The Primacy of Sanctions: An Assessment of U.S. Sanctions on Russia
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The American response to Russia’s illegal invasion of Ukraine in 2014 and its electoral interference in 2016 cemented sanctions as America’s primary response to Russian malign activity. This panel will discuss the effectiveness and different angles (diplomatic, economic, and political) of the US sanctions regime on Russia. Former Under Secretary of State for Political Affairs and Former Ambassador to the United Nations and Russia Thomas R. Pickering addressed the increased reliance on sanctions, both with Russia and Iran, in U.S. foreign policy and whether they are an appropriate substitute for traditional diplomacy. Daniel Ahn analyzed the economic impact of Russian sanctions and to what extent Russia has learned to live with – and get around – U.S. sanctions. Finally, Randi Levinas discussed the political aspect of U.S. sanctions, especially the increased involvement of Congress in the implementation and enforcement of sanctions. The overview provided an accurate assessment of America’s Russia sanctions program and whether it can continue to serve as the cornerstone of U.S. policy with Russia.
Amb. Thomas Pickering
"First and foremost, I think sanctions come in a variety of guises and get-ups. We tend to immediately think of economic sanctions and they, of course, include denials of trade, denials of access, denials of travel and so on, and the bulk of them come either as general international sanctions or general unilateral or particular regional sanctions. Russia, of course, has the great advantage of being a permanent member of the UN Security Council, the principal instrument for the levying of general sanctions and it has the veto, so it indeed has the capability and the willingness to assure that efforts to turn either regional or individual problems with international sanctions pressure fail and I think that case is well demonstrated."
"It helps a great deal in a question of sanctions, especially with Russia, to have a viable negotiating process ongoing, one in which you can use the capacity of diplomatic give and take to take the sanctions leverage into the room with you, so to speak, in order to find a way to help confect an answer to the problem. It means that those who trust sanctions to achieve regime change or, in fact, one way or another unilateral capitulation by the other side, are often if not universally reaching beyond what it likely or realistically possible."
“When you sanction a particular entity, what you are doing is you're cutting it off from both the ability to export its services to Western markets but also to import things from the West. But given the fact that Russia’s primary exports to the West were fossil fuels, oil, and gas - which are fungible and can be redirected and they were not as severely sanctioned as others - it really has been the import channel by which these sanctions have bitten [...]. What has happened is by denying key Western financial legal technological and other services that may account for a relatively small amount of value added but are actually critical for the operations of said company, we have had an outsized impact upon the Russian economy.”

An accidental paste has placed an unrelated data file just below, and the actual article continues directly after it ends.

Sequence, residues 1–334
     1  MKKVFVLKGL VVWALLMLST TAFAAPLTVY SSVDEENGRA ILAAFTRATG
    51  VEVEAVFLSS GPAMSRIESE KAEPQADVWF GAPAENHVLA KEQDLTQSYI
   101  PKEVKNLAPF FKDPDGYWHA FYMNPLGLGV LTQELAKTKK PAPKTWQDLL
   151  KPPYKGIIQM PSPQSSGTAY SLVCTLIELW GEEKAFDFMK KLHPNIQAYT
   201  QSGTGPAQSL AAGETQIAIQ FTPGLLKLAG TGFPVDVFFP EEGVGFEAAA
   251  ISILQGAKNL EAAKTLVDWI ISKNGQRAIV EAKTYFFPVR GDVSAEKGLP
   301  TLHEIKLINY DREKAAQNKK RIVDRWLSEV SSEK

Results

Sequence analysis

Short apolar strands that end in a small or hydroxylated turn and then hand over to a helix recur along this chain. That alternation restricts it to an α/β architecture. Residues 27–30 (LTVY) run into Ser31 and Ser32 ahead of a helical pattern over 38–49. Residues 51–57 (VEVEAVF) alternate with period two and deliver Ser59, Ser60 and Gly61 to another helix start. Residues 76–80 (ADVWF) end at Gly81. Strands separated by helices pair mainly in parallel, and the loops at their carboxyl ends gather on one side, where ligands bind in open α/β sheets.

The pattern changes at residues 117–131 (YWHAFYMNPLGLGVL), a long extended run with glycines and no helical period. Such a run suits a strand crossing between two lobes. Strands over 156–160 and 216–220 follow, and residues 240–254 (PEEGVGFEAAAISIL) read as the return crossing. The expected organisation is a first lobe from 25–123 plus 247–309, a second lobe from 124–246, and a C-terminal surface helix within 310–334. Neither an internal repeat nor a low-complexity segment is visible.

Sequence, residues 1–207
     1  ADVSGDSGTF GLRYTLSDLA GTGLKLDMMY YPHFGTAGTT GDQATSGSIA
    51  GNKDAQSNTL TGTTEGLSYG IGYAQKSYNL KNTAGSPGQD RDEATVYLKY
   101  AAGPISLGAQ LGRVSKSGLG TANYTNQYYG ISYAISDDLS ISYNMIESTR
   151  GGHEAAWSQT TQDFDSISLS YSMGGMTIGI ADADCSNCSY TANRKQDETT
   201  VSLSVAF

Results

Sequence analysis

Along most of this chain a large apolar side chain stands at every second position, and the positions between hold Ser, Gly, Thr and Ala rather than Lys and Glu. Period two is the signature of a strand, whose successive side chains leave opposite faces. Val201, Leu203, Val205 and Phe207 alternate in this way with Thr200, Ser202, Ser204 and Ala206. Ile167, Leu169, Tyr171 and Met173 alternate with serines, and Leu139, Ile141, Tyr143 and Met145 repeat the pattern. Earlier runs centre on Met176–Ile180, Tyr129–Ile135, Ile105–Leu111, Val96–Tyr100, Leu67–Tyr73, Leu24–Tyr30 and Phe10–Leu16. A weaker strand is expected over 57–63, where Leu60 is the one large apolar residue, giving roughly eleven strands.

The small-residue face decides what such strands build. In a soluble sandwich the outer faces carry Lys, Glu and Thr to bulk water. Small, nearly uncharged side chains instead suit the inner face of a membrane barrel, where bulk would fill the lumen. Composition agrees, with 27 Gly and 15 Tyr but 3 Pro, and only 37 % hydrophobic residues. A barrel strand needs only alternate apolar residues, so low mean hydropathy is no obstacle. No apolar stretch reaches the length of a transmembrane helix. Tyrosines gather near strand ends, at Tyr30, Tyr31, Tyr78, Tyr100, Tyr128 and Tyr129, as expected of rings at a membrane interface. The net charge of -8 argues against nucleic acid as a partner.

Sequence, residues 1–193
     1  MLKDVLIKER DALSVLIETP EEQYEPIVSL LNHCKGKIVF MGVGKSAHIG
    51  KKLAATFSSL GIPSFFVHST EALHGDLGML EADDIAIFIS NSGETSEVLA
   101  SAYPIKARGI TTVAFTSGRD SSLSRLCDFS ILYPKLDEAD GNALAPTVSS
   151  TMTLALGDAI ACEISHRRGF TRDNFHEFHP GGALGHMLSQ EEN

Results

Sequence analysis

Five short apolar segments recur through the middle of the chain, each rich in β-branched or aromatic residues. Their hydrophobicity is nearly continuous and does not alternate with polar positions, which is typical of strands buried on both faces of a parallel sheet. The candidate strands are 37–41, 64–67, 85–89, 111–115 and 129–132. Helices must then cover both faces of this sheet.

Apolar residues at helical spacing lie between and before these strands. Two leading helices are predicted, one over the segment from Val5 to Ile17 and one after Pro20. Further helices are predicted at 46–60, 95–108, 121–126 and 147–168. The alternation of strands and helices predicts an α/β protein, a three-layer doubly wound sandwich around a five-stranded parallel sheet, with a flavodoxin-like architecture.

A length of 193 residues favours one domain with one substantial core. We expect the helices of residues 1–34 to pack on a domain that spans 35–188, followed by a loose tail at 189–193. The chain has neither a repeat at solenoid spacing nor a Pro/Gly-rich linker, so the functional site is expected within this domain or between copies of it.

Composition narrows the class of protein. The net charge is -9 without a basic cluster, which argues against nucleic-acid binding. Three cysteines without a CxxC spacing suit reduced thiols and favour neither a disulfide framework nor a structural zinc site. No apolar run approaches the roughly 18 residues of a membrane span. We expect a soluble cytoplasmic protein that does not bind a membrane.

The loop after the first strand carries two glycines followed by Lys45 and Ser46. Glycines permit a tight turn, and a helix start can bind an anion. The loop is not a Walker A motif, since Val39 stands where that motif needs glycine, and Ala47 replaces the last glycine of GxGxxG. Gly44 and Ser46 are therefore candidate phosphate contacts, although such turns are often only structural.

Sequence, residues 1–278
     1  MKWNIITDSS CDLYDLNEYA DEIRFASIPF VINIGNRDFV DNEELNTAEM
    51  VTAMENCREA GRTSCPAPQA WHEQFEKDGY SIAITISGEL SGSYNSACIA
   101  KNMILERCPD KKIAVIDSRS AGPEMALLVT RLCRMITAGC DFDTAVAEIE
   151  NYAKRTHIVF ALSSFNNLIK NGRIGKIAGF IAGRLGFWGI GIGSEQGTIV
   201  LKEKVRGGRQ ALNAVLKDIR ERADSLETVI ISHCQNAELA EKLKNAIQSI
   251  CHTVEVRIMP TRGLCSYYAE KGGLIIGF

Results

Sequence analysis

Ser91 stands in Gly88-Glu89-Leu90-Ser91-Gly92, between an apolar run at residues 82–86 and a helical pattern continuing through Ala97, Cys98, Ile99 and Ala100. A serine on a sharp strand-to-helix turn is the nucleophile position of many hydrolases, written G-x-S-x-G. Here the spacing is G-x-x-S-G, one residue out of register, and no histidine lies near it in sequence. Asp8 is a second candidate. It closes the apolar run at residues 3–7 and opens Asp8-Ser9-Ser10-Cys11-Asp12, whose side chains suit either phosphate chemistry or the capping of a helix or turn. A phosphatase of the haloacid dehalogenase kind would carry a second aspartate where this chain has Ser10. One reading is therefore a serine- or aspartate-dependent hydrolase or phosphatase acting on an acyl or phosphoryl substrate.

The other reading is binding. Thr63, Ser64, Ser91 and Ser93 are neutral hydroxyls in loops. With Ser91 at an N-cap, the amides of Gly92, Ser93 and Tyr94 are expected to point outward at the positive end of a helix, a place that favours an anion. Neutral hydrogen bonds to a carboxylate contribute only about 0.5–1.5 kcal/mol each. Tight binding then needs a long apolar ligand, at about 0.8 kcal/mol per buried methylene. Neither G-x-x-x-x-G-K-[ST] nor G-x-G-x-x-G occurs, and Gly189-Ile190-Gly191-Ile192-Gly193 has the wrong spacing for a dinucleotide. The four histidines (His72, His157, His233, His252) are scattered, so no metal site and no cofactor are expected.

“On average, Russians today are now much poorer than they otherwise would have been. They are less connected to the West. There are much fewer contacts between ordinary Russian and Americans. I’m not sure this is exactly what some of the stated goal of all the sanction policy was supposed to be so I think this is an excellent time actually to hold this kind of event, not just as the incoming Biden administration but also Congress thinks about its Russia policy in the next four years, whether sanctions should play a central role as it once did, whether we have now reached the point of diminishing return and we should also be thinking about not just the unintended consequences but also the medium-term costs associated with sanctions over usage.”
“The point is sanctions are complex and they can be a very blunt instrument. With statutory sanctions, when you get politics and emotions driving Congress’ agenda, it’s far more difficult to rectify these matters and Congress doesn’t adapt nimbly to new information or to change circumstances and when the topic is Russia and President Putin, it becomes all the more difficult.”
“Clearly, Russia presents challenges to our policymakers and our companies understand that they have to manage risk, including the risk of sanctions, when it comes to Russia but it really is incumbent on our policymakers - including those in Congress - to consider making sanctions conduct-based and targeted in such a way that they’re considering the impact on U.S companies, on U.S. national economic interests, and our U.S. global competitiveness.”
Managing Director, Chief U.S. Economist, Head of Macroeconomic Strategy, BNP Paribas
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